Link Between Mortality Risk and Mental Disorders

A new research reported in JAMA Psychiatry discovers that the possibility of mortality among individuals with psychological health problems is over two times greater than that of individuals without such problems and the general population.

With respect to the National Alliance on Mental Illness (NAMI), about 61 million People in America – the equal to 1 in 4 – experience some type of psychological problem in any given year. About 13 million Americans have a severe mental condition, like as bipolar disorder, schizophrenia or main depression.

Previous studies have recommended that individuals with mental illness have a greater mortality risk. In 2012, for instance, a study in the UK identified individuals who experience depression, anxiety and other psychological health problems have a reduced life expectancy than individuals without these problems.

But the investigators of this recent study – which includes Elizabeth Reisinger Walker, PhD, observe that to date, no comprehensive meta-analyses have quantified the death rate risk in individuals with mental problems.

“Quantifying and knowing the excess mortality among individuals with mental conditions can notify approaches for dealing with this persistent problem and broaden discussion of the impact of mental problems on mortality,” say the authors.

About 8 million deaths a year triggered by mental health problems

Walker and colleagues performed an assessment of 2,481 research that looked at the connection between mental health problems – which includes depression, stress, schizophrenia and bipolar disorder – and mortality.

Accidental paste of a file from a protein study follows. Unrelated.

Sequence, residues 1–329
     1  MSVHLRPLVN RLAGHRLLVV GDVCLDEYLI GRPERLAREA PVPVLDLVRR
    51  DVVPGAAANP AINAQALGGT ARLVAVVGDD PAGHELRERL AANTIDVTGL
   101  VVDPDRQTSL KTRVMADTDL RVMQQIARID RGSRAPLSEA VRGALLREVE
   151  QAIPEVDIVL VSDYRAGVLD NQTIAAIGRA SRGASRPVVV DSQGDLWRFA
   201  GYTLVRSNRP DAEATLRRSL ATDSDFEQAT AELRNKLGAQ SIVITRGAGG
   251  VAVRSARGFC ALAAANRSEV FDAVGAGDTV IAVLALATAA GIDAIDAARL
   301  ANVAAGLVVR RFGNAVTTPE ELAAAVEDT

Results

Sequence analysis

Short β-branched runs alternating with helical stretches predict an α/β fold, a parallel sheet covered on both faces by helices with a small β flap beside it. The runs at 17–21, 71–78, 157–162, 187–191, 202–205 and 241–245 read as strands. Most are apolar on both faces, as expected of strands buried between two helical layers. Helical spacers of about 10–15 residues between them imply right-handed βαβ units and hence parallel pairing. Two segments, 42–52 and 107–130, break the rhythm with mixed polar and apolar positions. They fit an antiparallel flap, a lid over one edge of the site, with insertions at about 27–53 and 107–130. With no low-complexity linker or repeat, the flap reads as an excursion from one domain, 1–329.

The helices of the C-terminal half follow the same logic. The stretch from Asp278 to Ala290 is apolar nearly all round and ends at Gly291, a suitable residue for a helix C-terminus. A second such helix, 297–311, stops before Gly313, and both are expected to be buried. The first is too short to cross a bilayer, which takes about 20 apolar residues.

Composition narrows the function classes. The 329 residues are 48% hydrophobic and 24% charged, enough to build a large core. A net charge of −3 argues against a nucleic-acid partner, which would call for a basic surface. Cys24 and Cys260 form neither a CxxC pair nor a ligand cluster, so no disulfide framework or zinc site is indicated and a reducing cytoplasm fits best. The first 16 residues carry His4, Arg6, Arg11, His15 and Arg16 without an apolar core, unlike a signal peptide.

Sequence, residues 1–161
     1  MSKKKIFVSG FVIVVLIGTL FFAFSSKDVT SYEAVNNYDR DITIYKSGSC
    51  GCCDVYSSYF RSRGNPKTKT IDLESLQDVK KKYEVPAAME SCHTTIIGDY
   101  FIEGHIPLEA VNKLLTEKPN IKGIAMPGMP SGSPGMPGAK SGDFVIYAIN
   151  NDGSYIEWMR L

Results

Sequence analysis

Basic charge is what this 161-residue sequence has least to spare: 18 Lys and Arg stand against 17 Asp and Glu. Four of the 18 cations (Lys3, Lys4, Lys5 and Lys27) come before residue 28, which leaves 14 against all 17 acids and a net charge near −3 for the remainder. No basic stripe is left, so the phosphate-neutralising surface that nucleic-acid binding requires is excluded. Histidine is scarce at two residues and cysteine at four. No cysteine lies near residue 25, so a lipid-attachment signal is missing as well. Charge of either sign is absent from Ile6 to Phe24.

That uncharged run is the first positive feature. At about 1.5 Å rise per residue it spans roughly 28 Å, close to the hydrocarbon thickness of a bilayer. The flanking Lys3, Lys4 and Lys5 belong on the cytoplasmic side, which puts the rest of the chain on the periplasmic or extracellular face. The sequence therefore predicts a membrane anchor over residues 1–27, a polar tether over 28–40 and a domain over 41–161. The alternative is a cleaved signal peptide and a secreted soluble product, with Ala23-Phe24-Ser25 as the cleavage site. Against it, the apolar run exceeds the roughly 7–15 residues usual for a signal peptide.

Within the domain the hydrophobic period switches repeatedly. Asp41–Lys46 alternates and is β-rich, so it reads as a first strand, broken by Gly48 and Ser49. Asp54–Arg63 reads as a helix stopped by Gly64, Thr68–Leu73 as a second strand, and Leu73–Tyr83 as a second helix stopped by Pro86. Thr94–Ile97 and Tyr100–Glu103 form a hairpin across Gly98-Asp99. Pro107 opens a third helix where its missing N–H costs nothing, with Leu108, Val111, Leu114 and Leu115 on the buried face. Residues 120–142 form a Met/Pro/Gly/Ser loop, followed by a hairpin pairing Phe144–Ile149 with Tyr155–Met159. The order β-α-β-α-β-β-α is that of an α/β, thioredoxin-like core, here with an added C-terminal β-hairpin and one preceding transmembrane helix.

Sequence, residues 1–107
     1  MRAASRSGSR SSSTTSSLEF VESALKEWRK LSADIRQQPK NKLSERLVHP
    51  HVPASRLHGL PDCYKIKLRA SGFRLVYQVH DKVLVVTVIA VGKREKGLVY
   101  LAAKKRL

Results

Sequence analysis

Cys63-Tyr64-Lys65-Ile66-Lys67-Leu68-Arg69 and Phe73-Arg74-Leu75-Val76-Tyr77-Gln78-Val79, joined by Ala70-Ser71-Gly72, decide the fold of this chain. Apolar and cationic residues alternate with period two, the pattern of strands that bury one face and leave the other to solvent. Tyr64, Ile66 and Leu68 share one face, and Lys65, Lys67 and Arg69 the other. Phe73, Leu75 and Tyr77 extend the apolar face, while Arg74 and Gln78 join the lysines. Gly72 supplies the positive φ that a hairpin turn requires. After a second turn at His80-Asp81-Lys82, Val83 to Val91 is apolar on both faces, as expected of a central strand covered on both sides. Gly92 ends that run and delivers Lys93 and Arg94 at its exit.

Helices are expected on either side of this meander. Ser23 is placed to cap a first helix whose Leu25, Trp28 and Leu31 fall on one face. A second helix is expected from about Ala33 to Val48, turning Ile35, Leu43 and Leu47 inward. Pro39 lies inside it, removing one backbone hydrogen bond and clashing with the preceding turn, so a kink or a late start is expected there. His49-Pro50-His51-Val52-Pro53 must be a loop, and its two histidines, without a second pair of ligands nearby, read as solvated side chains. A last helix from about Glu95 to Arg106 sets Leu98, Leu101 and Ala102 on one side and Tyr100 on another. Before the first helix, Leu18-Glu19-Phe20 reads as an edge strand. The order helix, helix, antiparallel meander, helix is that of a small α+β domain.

The investigators included 203 studies in their final evaluation, which showed 29 nations over six major regions. These researches either compared the mortality danger of individuals with mental health problems against that of the common population or individuals without mental problems.

The outcomes of the research exposed that the mortality threat of individuals with mental health disorders was 2.22 times greater than the mortality risk of people free of mental problems and the general people. There was an average of 1 decade of possible life lost among individuals with mental disease.

The team also identified that natural reasons accounted for 67.3% of deaths among individuals with mental health conditions. Natural reasons accounted for 17.5% of deaths, while the reasons of the remaining deaths are unidentified.

In add-on, the investigators measured that each year, about 8 million (14.3%) deaths globally are attributable to mental health problems.

Leaving comments on their results, the authors write:

“Individuals with mental problems experience a great burden of mortality at the individual and population levels. Decrease of this burden will need a focus on less frequent but more severe diagnoses and more frequent mental disorders. Similarly, initiatives should be made to prevent and control comorbid medical problems and decrease the happening of unnatural deaths in this vulnerable population.”

The team claims their study is subject to some restrictions. For instance, they only involved studies that had been reported in English, meaning some may have been neglected. “However, presented the number of studies involved in our analysis, it is unlikely that the outcomes would be considerably affected,” they note.